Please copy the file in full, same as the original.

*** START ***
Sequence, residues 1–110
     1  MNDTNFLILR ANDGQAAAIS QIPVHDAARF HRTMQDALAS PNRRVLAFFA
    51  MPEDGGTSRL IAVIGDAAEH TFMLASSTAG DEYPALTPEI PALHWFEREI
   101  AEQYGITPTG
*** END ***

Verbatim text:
Sequence, residues 1–110
     1  MNDTNFLILR ANDGQAAAIS QIPVHDAARF HRTMQDALAS PNRRVLAFFA
    51  MPEDGGTSRL IAVIGDAAEH TFMLASSTAG DEYPALTPEI PALHWFEREI
   101  AEQYGITPTG